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Cobra Envenomation Medication

  • Author: Robert L Norris, MD; Chief Editor: Joe Alcock, MD, MS  more...
 
Updated: Oct 27, 2015
 

Medication Summary

The definitive therapy for cobra envenomation is antivenom administration, which should be started as soon as possible if evidence of systemic envenoming is present. If specific antivenom is not rapidly available, the patient must be supported using conservative measures alone. Measures include securing the airway and supporting respirations as necessary. Hypotension should be treated initially with intravenous fluids (initially crystalloids but if blood pressure/tissue perfusion fails to improve, then albumin). If hypotension persists after the intravascular volume is replete, vasopressor agents may be necessary.

Evidence supports the trial of cholinesterase-inhibiting drugs, such as edrophonium or neostigmine, as a temporizing measure in a situation of severe cobra venom poisoning with significant neurologic abnormalities until antivenom can be obtained.[13, 14]   These temporizing drugs should not, however, delay securing the airway of a victim who is developing respiratory distress or inability to handle secretions.

Antivenom can be started according to the manufacturer's instructions regarding route and dose.  Although some manufacturers advise use of an intradermal skin test to predict an acute reaction to antivenom, this procedure is terribly unreliable and only serves to waste precious time.  Such recommendations for skin testing should be ignored.

As with any form of bite, update the tetanus status as necessary. Antibiotic prophylaxis is not necessary.

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Antivenom

Class Summary

These agents impart passive immunity to the victim against the venom components of the snake(s) for which it is manufactured. The heterologous antibodies bind with venom antigens and block their deleterious effects.

Antivenom (variable, see below)

 

Several different cobra antivenoms are produced by various countries. They are of variable purity and efficacy. The most appropriate agent for the species involved should be determined and obtained. Given venom variability, antivenom produced in the country of origin of the offending species is preferred. An intradermal skin test for potential acute sensitivity is often recommended by manufacturers before administration. Such skin tests are, however, completely unreliable predictors of anaphylactic/anaphylactoid reactions, and should be omitted. Before administration, intravascular volume should be expanded using crystalloids such as normal saline or Ringer's lactate unless some contraindication (eg, congestive heart failure) is present. Pretreatment with antihistamines (H1 and H2 blockers) can be considered, though their efficacy at preventing adverse reactions to antivenom is unproven. Epinephrine should be immediately available for treatment of an anaphylactoid response to the heterologous serum.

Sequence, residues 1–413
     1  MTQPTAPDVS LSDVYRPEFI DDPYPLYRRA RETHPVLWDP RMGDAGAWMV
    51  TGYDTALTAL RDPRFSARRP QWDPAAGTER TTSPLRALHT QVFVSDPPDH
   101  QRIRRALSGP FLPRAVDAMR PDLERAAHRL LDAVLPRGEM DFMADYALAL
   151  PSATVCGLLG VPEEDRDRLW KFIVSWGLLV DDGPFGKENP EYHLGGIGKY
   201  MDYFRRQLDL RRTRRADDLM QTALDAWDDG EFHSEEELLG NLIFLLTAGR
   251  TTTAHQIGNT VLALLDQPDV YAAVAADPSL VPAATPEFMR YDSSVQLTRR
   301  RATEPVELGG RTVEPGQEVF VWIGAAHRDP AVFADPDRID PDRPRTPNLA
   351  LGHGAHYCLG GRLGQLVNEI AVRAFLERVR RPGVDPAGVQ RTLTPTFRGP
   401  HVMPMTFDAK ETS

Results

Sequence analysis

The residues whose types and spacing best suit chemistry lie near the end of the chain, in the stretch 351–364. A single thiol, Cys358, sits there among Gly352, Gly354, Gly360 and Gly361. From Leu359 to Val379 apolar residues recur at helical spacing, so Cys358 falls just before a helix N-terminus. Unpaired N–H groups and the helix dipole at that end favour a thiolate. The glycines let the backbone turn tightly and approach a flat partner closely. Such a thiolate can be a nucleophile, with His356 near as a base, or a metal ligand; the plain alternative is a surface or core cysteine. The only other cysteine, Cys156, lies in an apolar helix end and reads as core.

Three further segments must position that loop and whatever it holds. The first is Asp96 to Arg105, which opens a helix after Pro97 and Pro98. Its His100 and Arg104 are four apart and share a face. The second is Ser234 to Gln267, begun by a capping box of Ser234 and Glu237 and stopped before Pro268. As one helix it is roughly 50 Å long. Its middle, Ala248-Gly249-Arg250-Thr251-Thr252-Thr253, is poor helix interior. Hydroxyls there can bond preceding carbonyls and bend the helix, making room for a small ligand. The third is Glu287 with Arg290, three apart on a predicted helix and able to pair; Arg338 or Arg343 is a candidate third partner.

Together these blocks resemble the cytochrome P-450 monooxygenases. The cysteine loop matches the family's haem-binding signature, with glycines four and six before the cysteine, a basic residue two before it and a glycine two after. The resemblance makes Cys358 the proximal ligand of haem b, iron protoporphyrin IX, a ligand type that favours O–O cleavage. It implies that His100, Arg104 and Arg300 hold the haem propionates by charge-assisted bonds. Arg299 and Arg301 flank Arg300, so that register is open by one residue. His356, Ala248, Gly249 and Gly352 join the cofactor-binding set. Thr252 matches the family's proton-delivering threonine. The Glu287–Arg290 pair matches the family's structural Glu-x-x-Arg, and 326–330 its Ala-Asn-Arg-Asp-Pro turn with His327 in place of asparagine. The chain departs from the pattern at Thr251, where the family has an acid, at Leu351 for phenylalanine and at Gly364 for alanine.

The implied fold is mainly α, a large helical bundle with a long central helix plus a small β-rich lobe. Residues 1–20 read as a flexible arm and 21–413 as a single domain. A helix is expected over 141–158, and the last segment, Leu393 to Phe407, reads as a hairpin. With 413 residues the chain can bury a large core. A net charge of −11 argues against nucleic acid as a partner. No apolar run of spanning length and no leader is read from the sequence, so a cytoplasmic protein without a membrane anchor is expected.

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Antihistamines

Class Summary

Antihistamines (H1 and H2 blockers) may blunt or prevent an acute allergic reaction when given before the administration of antivenom. If an anaphylactic/anaphylactoid reaction occurs despite pretreatment, further antihistamine dosing may be required. These agents are useful in managing pruritus in cases of delayed serum sickness, which may appear days to weeks following antivenom treatment.

Diphenhydramine (Benadryl)

 

Diphenhydramine can be administered parenterally. It is often the H1 blocker of choice in treating or preventing anaphylactoid reactions. It is also effective orally in treating itching associated with serum sickness. If an acute allergic reaction subsequently occurs, further administration may be required.

Cimetidine (Tagamet)

 

Cimetidine is an H2 antagonist coadministered with an H1 antagonist if there is no response to the H1 antagonist alone; it treats itching and flushing in anaphylaxis, pruritus, urticaria, and contact dermatitis.

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Cardiovascular agents

Class Summary

Useful in treating acute allergic reactions that may occur with antivenom administration and in supporting the blood pressure and tissue perfusion of hypotensive patients with shock unresponsive to IV fluids and antivenom.

Epinephrine (Epi-Pen)

 

With its combined alpha- and beta-adrenergic effects, Epinephrine is the drug of choice for the treatment of an acute anaphylactoid reaction because it halts and reverses the major abnormalities associated with such reactions (eg, hypotension, laryngospasm, bronchospasm, edema, urticaria); it must be available immediately for administration if such a reaction to antivenom occurs.

Dopamine (Intropin)

 

Dopamine may be required to support blood pressure in the face of hypotension caused by an anaphylactic/anaphylactoid reaction (unresponsive to fluids, epinephrine) or by direct snake venom effects (unresponsive to fluids, antivenom).

Norepinephrine (Levophed)

 

Norepinephrine may be used as an alternative to dopamine to support blood pressure in the face of hypotension caused by an anaphylactic/anaphylactoid reaction that is unresponsive to fluids and epinephrine.

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Corticosteroids

Class Summary

Used in management of both acute and delayed allergic phenomena following antivenom administration. Corticosteroids, however, have no primary role in the management of snake venom poisoning.

Methylprednisolone (Solu-Medrol, Depo-Medrol)

 

Steroids ameliorate the delayed effects of anaphylactoid reactions and may limit biphasic anaphylaxis. In severe cases of serum sickness, parenteral steroids may be beneficial to reduce the inflammatory effects of this immune-complex mediated disease.